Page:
When registration began for the 2021 Walk to Tuk, organizers said they were aiming to get every single community registered. Turns out they almost did with 29 out of 33 NWT communities registering to take part.
Altogether, 495 (371 from the NWT) teams registered for the event with a total of 5,876 participants, making this the largest event in Walk to Tuk history.
Bri Krekoski, NWT Recreation and Parks Association Director of Active Communities says the Walk to Tuk team set their sights on motivating all NWT communities and residents to stay active and engaged in a safe and healthy way despite the barriers that the pandemic presents.
“Our goal is to support NWT resilience and health. We are overjoyed that communities around the country are using Walk to Tuk to stay active, healthy and connected during a time when getting together in person is not always safe or easy.”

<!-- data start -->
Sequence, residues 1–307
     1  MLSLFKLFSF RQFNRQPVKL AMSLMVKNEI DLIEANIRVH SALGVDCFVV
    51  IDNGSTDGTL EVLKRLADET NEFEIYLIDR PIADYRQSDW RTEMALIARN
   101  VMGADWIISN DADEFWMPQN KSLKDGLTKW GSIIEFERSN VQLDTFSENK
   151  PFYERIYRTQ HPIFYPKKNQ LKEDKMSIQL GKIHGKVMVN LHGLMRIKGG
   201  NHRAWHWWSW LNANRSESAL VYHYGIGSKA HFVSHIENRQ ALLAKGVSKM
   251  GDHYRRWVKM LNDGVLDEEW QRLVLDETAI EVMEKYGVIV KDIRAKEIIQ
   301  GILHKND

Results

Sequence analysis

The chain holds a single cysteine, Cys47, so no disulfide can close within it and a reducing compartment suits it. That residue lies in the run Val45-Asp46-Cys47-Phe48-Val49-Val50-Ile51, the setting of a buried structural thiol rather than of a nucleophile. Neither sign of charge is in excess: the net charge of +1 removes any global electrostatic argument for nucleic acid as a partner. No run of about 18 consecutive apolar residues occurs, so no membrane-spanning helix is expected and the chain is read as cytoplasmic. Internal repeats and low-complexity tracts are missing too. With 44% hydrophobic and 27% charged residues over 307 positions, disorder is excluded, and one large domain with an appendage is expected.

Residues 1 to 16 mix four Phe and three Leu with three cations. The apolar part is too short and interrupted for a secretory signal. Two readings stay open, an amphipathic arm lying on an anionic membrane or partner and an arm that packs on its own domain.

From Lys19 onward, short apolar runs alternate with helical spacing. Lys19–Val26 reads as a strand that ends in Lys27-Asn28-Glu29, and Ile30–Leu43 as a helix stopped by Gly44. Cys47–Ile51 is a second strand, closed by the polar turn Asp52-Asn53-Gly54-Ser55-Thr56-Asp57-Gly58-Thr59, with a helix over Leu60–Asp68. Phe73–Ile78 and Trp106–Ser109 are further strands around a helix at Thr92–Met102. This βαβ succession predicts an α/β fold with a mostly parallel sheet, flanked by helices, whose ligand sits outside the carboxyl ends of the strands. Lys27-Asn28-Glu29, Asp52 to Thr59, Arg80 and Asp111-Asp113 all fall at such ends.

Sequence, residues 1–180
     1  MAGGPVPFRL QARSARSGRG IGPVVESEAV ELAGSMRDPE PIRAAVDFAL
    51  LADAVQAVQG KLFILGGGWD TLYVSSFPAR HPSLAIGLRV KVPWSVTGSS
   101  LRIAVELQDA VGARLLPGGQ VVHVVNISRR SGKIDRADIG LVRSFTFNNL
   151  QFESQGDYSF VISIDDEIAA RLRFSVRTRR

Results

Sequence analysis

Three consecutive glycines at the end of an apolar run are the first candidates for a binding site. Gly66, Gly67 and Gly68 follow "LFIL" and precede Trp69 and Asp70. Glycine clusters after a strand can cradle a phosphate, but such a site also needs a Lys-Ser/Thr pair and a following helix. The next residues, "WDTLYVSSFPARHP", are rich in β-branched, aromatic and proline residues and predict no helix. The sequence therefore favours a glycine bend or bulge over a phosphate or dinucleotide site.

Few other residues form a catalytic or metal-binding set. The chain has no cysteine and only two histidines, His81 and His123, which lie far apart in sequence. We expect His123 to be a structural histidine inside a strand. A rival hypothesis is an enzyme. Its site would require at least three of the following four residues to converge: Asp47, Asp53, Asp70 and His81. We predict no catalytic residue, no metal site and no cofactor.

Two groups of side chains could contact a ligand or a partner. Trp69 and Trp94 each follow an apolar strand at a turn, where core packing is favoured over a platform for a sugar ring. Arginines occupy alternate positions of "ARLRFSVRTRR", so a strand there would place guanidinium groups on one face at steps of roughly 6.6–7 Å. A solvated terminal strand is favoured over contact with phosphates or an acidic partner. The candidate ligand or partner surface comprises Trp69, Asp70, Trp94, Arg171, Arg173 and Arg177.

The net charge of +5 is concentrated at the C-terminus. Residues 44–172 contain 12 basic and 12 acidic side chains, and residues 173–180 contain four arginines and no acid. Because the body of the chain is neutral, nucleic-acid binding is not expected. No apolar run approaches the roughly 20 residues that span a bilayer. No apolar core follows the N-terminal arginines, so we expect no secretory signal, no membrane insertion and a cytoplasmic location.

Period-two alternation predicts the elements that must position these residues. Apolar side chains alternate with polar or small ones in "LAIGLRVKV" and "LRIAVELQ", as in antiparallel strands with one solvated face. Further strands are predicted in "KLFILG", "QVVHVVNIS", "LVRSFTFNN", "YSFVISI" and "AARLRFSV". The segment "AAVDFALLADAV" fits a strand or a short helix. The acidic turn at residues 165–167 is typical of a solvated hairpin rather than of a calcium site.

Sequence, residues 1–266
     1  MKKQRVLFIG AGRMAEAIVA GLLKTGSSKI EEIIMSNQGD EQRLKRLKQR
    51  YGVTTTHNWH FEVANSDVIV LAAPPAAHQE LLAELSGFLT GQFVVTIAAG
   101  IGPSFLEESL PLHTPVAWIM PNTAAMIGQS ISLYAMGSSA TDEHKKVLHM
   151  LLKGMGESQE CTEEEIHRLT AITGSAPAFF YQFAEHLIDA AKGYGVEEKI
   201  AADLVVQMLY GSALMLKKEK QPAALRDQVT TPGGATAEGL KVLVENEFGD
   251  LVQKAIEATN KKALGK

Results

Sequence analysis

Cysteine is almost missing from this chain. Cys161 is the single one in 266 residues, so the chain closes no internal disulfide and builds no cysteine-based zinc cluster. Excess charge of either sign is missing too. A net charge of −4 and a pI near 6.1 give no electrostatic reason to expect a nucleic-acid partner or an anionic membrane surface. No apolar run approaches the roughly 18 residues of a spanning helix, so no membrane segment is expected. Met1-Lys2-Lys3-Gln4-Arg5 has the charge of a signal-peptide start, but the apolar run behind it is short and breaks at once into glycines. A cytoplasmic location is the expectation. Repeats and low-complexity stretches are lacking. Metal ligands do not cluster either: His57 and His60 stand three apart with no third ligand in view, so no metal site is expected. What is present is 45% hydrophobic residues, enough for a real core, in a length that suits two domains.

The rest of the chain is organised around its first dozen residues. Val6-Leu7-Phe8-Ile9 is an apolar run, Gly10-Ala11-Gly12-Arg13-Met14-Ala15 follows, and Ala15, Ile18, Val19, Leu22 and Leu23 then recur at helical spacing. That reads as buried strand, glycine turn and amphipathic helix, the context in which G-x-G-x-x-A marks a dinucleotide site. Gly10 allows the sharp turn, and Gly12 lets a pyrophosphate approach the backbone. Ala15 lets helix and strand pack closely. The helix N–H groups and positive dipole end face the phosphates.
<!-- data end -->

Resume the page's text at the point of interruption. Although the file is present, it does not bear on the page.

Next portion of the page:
Walk to Tuk also gives the NWTRPA a platform to feature northern stories, places, people, and history, says Krekoski.
“We have a chance to highlight both the positive and darker historical significance of walking long distances and being out on the land. We aim to use our weekly Walk to Tuk news to tell some of these stories and feature the incredible programs, places and people of the North.”
To help motivate the participants and to get as many people involved as possible, Walk to Tuk also offers prizes such as:
- $1000 grants for teams to get active together,
- Team lunches,
- Snowshoes, walking poles, books, swag, and gift cards,
- Walk to Tuk T shirts for those who participate in photo & story contests,
- Grand prizes: 2 Canadian north flight passes, or a fat bike (for school teams).
Walk to Tuk is the biggest and longest recreational physical activity event in the territories; taking place for eight weeks during January and February where community members, schools, and workplaces form teams and together, conceptually walk the distance of the Big River from Fort Providence to Tuktoyaktuk, a total of 1,658km.